Another possible arrangement is to make it possible that the index data prepared by the personal computer 62 and 64 can be inputted to the microfilm scanner 100, whereby the index data, together with the image and control data, are transferable to the optical disk recorder 200 by providing the microfilm scanner 100 with the retrieving function.
Referring to FIG. 2 an example of the construction of the microfilm scanner 100 will be described.
The microfilm scanner 100 roughly consists of an optical reader 120 for reading image data on a microfilm, a driving section 140 of the optical reader 120, a signal processor 160 for supplying the signal form the optical reader 120 to an optical device recorder 200 and a controller 180 for controlling the driver 140 and the signal processor 160.
The optical reader 120 is equipped with an illuminating system 122 having a light source 1222 and condenser lenses 1224. An image projecting system 126 has a microfilm holder 124 for holding the microfilm 40 with pressure glasses 1242a and 1242b for preventing an image from distorting, a projection lens 1262, focusing lenses 1264, 1266, a half-mirror 1268 and a screen 106. Supply and winding reels 128a and 128b supply the microfilm 40 to the illuminating passage. A mark sensor 130 optically detects blip marks attached to the microfilm 40 or the difference in density between the frames. A sensor 132 detects the density data of the microfilm for image-reading under optimum conditions, i.e., automatic exposure control. A sensor section 134 uses an image sensor 104 to scan the optical image data subjected to beam splitting and projected through the half-mirror 1268 and converts the data into an electric signal. In this case, the focusing lenses 1264 and 1266 may be omitted, provided there is used an image sensor 104 capable of reading an image of original size prior to being compacted to a micro-image, i.e., reading the enlarged image as it is.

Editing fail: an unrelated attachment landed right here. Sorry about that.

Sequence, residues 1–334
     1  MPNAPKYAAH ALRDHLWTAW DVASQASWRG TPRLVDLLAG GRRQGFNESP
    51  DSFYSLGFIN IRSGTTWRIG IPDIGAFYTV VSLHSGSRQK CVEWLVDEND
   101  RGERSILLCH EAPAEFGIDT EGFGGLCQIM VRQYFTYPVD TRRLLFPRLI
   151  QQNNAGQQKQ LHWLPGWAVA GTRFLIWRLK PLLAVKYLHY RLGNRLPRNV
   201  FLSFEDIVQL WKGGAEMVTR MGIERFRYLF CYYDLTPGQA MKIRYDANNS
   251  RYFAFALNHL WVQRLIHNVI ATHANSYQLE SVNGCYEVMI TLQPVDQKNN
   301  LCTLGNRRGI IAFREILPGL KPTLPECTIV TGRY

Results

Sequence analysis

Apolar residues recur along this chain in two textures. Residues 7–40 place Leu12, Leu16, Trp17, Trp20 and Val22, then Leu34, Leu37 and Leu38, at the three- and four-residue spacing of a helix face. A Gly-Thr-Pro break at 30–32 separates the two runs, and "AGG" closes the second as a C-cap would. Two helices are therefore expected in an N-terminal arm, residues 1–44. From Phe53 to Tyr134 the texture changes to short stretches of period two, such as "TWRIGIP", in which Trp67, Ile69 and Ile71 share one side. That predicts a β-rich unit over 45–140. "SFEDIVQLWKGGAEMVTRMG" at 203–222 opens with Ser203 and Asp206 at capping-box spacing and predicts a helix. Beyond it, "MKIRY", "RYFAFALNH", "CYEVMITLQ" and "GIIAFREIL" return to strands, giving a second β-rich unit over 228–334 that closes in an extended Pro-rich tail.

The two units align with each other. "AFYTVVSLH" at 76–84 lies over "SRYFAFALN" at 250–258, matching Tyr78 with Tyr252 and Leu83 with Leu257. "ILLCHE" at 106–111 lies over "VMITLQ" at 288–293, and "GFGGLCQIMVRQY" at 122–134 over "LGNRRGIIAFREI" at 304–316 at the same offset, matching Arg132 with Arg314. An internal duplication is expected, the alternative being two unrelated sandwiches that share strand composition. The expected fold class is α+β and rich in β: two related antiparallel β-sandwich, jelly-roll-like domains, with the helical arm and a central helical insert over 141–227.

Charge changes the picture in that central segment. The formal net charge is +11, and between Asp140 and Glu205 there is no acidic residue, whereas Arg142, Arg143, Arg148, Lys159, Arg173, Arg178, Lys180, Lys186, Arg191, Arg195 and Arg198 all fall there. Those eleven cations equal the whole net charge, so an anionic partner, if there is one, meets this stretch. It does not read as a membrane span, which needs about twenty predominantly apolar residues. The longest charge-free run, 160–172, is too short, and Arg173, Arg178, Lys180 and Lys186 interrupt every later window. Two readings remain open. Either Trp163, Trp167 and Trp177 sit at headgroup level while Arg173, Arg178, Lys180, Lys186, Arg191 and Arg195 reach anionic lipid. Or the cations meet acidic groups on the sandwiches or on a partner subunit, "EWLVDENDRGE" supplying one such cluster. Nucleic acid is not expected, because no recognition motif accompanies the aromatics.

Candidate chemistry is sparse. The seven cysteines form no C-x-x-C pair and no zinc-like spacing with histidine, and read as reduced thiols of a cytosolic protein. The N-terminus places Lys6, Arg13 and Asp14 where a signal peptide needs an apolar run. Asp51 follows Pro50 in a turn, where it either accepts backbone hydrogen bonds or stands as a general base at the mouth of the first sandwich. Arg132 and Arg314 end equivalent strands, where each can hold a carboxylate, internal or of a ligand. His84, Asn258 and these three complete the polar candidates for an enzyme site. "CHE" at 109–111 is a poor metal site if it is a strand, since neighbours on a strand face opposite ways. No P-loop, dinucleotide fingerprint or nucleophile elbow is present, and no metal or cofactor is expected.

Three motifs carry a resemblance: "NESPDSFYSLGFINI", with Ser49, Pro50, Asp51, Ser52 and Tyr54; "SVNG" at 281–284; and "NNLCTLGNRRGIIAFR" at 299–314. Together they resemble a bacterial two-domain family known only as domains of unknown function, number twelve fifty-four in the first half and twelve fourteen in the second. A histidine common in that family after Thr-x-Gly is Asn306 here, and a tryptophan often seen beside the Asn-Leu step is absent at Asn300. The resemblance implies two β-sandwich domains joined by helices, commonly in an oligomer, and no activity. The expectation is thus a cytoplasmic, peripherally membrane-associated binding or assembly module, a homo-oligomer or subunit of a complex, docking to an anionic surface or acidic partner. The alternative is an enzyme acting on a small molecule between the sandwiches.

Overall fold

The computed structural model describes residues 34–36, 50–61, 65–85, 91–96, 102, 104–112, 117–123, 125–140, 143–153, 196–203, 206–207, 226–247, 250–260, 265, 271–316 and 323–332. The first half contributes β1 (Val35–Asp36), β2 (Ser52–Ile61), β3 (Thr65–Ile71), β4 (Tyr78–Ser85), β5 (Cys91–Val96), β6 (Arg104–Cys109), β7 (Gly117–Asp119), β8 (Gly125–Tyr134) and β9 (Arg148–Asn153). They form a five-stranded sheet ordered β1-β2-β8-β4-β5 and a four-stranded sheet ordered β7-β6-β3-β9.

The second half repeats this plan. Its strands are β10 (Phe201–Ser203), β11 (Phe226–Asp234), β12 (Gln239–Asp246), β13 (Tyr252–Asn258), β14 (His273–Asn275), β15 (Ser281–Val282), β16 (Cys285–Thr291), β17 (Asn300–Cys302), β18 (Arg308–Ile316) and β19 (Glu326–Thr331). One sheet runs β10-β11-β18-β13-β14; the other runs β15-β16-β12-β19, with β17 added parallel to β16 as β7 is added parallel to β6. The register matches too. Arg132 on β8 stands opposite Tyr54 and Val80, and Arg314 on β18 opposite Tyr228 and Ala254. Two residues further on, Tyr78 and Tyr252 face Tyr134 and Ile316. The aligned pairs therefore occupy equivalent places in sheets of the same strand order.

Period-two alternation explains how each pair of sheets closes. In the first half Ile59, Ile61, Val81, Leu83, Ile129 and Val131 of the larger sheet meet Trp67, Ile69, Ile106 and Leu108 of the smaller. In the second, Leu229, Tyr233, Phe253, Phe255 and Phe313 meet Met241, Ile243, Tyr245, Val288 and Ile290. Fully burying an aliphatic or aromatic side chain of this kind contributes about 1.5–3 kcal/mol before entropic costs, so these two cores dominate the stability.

The driving section 140 is equipped with a drive controller 142 for driving the supply and winding reels 128a and 128b according to the signal from the mark sensor 130 to convey the microfilm 40 on a frame basis. A driving circuit 150 controls a motor 148 for driving a screw-nut mechanism mechanically coupled to the transverse direction of the image sensor 104. The image sensor 104 can scan the transmitted light as the motor 148 rotates.
The signal processor 160 is equipped with a drive reading circuit 162, a line density switching circuit 164 and an RS422 data port 166. The drive reading circuit 162 moves the image sensor 104 for focusing purposes based on the film density data obtained by the sensor 132 so that the image-reading can be carried out under optimum conditions. The drive reading circuit 162 sends the image data detected by the image sensor 104 and subjected to photoelectric conversion to the line density switching circuit 164. The line density switching circuit 164 sends out the image data at a given suitable density of 16 or 8 limes/mm to the optical disk recorder 200 through the data line 166.